5) Process: Be patient, principled and process-oriented. To thine own self be true. Don't over-commit to any given application or outcome. I made a bad decision when I graduated from grad school, because I was overconfident about a possible outcome. And I made another bad decision when I became too outcome-oriented about a subsequent application (not nearly as bad as it might sound). By all means, be iterative about your interview application process, but never deviate from your principles.

6) Psychology: Interviewing can be emotionally taxing. It can test your stamina, your patience; and ultimately your self-worth and self-identity. The former is fine, the latter is not. By all means, learn from your mistakes and take interview outcomes as 'dots' about who you are, but also realize that there's a lot of luck and randomness involved when interviewing. Ultimately, your failures can define you if you admit defeat and they can define you if they stimulate growth that ultimately causes you to achieve your goals. It's up to you.

Expect an update when I achieve my goals.

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Apr 7, 2018 - 9:59am

Hey Burke just curious, you just mentioned that "In hindsight, I realize I wasted time reading books", may i know why is this so?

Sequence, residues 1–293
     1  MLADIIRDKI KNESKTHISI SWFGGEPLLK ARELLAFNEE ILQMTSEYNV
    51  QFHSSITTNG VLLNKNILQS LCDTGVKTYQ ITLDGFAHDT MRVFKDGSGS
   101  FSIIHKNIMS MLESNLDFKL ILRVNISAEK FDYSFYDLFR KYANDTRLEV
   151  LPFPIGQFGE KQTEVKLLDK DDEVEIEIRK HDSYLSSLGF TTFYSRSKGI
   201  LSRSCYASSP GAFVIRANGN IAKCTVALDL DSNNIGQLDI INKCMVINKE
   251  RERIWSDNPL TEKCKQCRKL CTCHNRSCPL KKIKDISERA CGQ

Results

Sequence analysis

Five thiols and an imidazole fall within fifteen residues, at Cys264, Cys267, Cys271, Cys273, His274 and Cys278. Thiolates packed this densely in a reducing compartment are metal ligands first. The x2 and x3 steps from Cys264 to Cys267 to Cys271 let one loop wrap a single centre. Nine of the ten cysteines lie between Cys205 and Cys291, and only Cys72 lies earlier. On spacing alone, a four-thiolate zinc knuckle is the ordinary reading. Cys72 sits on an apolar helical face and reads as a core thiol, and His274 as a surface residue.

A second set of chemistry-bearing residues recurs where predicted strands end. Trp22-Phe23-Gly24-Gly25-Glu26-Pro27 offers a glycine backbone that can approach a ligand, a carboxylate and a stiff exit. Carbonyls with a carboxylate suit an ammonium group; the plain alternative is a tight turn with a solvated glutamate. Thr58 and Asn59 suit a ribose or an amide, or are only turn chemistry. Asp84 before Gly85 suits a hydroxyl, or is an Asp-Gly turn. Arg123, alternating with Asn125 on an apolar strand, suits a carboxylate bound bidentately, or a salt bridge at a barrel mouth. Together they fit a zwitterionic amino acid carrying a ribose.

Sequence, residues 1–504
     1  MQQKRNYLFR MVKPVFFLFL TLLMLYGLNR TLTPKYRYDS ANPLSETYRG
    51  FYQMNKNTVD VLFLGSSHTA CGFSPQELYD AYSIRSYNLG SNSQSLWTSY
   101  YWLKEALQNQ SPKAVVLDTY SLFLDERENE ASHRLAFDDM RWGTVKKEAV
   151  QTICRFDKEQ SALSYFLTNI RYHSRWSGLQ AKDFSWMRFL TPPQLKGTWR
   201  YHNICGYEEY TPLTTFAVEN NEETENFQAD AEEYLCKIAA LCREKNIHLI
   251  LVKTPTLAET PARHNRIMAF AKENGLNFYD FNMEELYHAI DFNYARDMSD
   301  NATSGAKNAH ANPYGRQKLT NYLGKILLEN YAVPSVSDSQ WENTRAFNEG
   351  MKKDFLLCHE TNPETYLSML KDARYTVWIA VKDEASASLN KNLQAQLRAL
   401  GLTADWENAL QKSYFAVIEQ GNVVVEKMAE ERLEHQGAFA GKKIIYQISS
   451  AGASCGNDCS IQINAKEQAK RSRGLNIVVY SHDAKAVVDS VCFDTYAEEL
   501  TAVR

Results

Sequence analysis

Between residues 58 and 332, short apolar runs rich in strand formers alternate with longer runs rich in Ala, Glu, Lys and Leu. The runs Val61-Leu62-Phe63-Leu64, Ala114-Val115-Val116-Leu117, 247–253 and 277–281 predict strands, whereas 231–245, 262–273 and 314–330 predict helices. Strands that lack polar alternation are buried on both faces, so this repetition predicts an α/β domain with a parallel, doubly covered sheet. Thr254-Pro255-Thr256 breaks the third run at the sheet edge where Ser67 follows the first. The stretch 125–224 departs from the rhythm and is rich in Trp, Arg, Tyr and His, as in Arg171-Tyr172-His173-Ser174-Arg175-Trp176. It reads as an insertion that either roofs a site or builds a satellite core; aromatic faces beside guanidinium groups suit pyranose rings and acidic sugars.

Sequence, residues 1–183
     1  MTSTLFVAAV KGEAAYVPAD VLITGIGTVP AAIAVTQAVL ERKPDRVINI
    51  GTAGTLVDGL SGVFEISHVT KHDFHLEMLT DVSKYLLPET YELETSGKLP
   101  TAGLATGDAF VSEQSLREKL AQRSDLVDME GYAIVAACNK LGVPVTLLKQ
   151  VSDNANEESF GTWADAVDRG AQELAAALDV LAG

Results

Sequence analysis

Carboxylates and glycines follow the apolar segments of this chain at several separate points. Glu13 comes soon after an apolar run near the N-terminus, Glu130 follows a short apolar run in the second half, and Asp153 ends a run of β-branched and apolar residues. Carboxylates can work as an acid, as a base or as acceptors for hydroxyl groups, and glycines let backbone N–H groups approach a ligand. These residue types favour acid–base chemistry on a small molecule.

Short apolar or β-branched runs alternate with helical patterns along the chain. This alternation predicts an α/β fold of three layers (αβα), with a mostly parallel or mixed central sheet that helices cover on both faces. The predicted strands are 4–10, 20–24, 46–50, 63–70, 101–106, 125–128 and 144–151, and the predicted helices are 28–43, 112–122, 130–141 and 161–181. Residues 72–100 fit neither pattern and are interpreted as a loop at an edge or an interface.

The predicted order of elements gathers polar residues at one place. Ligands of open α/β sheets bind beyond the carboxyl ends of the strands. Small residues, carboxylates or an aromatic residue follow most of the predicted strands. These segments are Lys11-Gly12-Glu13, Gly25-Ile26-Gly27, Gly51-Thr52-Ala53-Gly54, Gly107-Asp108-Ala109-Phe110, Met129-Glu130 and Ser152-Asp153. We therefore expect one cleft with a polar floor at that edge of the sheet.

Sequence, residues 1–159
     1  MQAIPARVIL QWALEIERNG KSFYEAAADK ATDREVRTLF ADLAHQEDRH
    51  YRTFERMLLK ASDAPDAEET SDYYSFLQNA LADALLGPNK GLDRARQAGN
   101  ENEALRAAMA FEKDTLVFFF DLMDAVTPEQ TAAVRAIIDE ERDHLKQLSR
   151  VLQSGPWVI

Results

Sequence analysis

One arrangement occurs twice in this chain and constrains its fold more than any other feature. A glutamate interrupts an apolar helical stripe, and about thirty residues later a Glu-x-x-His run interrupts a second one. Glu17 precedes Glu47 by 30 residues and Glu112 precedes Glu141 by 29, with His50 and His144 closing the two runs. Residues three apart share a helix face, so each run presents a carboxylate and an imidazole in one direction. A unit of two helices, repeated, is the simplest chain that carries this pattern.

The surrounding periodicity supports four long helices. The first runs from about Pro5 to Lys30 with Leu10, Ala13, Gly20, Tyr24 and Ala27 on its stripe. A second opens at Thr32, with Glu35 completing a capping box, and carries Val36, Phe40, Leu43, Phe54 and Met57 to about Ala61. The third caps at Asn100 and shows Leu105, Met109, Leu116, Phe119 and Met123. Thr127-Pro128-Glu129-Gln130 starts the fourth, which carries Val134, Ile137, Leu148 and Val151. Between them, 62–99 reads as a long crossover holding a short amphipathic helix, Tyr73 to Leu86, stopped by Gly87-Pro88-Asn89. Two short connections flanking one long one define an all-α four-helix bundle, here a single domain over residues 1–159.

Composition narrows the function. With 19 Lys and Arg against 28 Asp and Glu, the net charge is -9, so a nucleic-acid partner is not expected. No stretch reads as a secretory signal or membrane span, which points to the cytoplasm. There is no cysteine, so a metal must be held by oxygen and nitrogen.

Jun 7, 2018 - 6:42pm

Reading all of those books lead to the greatest intellectual growth of my life - which was immensely rewarding. But it was poor time management because it negatively affected my b-school applications, which was a major impediment to me achieving my goals.

  • 1
Aug 17, 2018 - 6:22pm

Hi Burke, thank you so much! I am also not American and have a passion for macroeconomics. I am a STEM major at a great college; however, I do realize that Macroeconomics classes/math classes in college don't necessarily give me the essential knowledge/ability. I am wondering:
1. What are the best ways/resources to learn Macroeconomics, as the Macroeconomics taught at school fail to describe the world?

  1. What is the best way to cultivate/improve one's analytical ability?

Thanks! If one day I made a successful career like you, I will remember your help and give back just like you did.